A recruiter’s guide to job searching

Use job boards and social networking sites to your advantage

5 min read

A friend who’s been in the same job industry for nearly a decade recently called to get my opinion about online sources for finding a job. She’d just started a job search, and I could hear the stress in her voice. She found a position on a job board that she was really interested in, but when she went to apply on the company website, the position wasn’t posted. She feared she was being scammed. Her situation’s not uncommon.

Recruiting trends and technology are changing rapidly. It’s easy to get overwhelmed with a job search, especially when the playing field has changed a lot since you last looked for a position. The fact is job boards and social networking sites can be valuable resources for job seekers if you know how to use them to your advantage and differentiate yourself.

A recruiter’s perspective

In my opinion, there are three websites that job seekers should keep their eyes on: LinkedIn, Indeed, and Glassdoor. All offer information and images showing what it's like to work at specific companies, but there are other ways you can leverage each site, too.

1. LinkedIn: Next level networking

Why I recommend it:

LinkedIn is a great professional networking and job search tool. It’s also a great way to make connections and gain valuable industry information. LinkedIn tends to be a tool that many recruiters use to find passive talent—people who aren’t actively searching for a new job but might be a great fit at their company. Your profile is your electronic resume, business card, and references all rolled into one, so be sure to optimize it.

Tips for optimizing your profile:

  • Ensure your info is up to date: That includes your work history, education, and responsibilities. Use keywords that relate to the types of jobs you’re interested in. Recruiters can search the site using keywords.
  • Include a recommendation: Substantiate your skills and increase your credibility by having prior co-workers or supervisors write a recommendation for you.
  • Join LinkedIn groups: Look for ones that are applicable to the types of roles/industries that you’re interested in to gain visibility and access to other members. Joining your alumni association group is also a great networking tool.

2. Indeed: The quintessential job search engine

Why I recommend it:

Indeed helps jobseekers find jobs, read company reviews, and see general salary information for different job titles. It’s a job aggregator, which means it acts more as a search engine, pulling postings from employer’s career sites and other job boards and consolidates them onto one site that is searchable by keywords and location. The value of Indeed is its reach: in one place, you can find jobs which were posted on employer websites, association websites, and other job boards. I’ll make one caveat here: because Indeed pulls information from other sites, it may show duplicate openings. The company’s career site should have the most up-to-date information on opportunities, and Indeed often links users directly to the company’s application page, making for a more efficient job-seeking experience.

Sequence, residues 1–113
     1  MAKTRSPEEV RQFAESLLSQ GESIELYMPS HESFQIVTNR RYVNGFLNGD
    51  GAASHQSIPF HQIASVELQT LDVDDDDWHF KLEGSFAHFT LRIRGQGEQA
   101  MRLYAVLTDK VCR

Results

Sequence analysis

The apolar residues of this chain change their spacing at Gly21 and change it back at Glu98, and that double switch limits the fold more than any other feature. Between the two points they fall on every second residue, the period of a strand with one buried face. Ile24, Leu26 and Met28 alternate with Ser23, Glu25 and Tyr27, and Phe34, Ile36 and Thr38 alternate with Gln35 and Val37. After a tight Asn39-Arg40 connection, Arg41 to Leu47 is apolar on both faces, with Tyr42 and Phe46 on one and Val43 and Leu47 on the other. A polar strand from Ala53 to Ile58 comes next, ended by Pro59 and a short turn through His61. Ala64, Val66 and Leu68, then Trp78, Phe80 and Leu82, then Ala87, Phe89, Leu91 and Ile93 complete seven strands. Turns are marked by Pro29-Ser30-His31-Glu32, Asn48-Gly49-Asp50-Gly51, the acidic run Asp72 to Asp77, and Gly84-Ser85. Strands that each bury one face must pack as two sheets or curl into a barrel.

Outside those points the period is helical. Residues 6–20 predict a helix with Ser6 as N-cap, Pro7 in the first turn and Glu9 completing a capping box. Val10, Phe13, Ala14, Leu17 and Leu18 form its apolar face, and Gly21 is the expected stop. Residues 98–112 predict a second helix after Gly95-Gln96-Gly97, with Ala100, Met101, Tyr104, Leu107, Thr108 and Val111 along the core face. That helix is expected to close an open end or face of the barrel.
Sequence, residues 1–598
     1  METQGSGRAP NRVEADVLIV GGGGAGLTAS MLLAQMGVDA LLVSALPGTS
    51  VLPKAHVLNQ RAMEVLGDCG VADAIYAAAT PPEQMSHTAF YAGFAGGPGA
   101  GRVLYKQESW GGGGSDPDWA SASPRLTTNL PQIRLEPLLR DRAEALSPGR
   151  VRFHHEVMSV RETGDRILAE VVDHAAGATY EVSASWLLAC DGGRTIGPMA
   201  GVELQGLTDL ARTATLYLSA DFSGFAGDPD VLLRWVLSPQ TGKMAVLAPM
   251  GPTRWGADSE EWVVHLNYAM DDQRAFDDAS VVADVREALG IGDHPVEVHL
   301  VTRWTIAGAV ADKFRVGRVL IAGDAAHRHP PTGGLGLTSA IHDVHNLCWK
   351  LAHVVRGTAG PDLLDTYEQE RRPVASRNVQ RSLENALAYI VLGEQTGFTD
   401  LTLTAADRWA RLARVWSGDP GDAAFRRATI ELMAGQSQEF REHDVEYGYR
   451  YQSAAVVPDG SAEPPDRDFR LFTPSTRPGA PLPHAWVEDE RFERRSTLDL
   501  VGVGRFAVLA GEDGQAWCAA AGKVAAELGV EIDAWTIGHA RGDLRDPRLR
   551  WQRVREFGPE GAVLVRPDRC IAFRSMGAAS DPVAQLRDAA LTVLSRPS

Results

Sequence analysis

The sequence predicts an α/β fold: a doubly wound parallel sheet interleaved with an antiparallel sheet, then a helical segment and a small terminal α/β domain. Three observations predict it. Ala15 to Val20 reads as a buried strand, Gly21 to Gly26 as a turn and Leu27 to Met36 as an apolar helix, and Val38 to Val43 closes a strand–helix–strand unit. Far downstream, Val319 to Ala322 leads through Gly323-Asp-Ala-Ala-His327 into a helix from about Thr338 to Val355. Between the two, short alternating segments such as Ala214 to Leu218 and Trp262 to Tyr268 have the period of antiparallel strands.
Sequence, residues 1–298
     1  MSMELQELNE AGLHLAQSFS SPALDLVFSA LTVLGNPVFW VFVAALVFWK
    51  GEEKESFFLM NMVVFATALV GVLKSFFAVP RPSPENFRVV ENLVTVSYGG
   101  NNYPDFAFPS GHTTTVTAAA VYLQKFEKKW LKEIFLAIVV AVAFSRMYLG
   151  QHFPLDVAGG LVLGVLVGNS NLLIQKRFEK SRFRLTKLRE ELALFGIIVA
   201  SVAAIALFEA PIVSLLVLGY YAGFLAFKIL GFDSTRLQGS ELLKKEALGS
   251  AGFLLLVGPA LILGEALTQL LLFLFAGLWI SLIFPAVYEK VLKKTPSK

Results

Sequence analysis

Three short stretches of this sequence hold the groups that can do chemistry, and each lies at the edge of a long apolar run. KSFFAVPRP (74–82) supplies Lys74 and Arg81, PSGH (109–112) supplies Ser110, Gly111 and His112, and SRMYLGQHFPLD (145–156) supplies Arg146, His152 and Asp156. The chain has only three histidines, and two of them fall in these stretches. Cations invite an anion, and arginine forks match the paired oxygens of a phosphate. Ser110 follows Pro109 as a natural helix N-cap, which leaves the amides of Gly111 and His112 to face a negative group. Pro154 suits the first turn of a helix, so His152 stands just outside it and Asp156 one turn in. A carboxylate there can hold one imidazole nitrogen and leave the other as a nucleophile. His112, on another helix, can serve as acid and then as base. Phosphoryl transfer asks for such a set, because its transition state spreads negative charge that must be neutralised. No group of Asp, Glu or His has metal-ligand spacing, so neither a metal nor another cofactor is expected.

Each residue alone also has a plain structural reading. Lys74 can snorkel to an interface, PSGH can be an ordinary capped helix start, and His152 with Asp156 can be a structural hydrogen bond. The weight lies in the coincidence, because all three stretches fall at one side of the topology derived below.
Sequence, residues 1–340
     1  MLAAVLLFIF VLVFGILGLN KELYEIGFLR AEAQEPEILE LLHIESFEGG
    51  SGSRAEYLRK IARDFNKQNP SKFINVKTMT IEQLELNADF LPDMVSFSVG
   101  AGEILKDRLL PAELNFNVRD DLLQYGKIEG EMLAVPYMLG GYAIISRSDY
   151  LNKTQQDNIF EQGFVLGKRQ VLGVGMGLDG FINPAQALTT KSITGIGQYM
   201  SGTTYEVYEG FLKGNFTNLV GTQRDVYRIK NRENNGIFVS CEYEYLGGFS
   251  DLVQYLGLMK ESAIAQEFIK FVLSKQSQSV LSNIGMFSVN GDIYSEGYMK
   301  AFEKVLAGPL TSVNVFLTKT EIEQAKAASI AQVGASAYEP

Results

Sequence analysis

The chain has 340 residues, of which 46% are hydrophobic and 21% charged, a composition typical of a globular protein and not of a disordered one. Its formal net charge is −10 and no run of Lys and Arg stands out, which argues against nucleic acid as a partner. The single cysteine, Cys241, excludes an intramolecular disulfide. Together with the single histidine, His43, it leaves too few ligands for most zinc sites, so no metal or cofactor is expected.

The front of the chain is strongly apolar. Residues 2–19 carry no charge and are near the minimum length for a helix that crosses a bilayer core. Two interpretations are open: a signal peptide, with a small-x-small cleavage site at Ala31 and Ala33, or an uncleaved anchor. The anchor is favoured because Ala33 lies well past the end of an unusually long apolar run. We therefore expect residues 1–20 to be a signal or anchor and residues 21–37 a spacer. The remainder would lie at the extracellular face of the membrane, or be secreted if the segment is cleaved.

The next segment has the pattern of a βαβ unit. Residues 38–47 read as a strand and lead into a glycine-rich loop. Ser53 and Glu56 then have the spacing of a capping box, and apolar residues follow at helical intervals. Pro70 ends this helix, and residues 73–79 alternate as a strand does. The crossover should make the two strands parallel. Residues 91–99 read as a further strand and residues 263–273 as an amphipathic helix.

Tips for optimizing your search:

  • Familiarize yourself with keywords and job titles that are relevant to the roles/industries you’re interested in and use them when searching. You should also use them in your Indeed profile so that recruiters can find you more easily.
  • Use your headline and summary to stand out. Highlight professional attributes, skills or achievements in a concise and effective way.

3. Glassdoor: Insider knowledge without knowing an insider

Why I recommend it:

How often do you book a hotel stay without reading reviews? In my opinion the same thought process is critical while job searching. Glassdoor is a website where current and former employees can anonymously review their company and management team. The anonymity of the information allows for honest and candid thoughts from reviewers. Job seekers are able to review information about the interview process as well as what to expect in terms of salaries and benefits. It also helps identify company culture trends.

Tips for optimizing your search:

  • Consider the reviews holistically: These are opinions, and everyone views things differently. Rather than drawing a conclusion from one or two reviews, read through a good sample size. Use what you learn to create a dialog in the interview (i.e., if work volume is a common concern, you might ask the interviewer about the workload and resources the company provides to help employees be successful).
  • Note the specifics: When browsing reviews, make sure that you consider how recent the reviews are, what location the person worked from and relevance of the role (i.e., different locations may have different sub cultures and older reviews may not have the same clout, as cultures and trends change over time).

There are many tools and websites available to use in a job search, and I’m sure many more will pop up as technology continues to advance. Each offers a vast amount of information and tools that are useful for different reasons. Happy job hunting!

Before moving into her role as a Human Resources Consultant, Sarah Timms was a recruiter in Progressive’s Talent Acquisition Group where she applied her more than 13 years of recruiting experience to build business partnerships and help talented individuals find careers they love.

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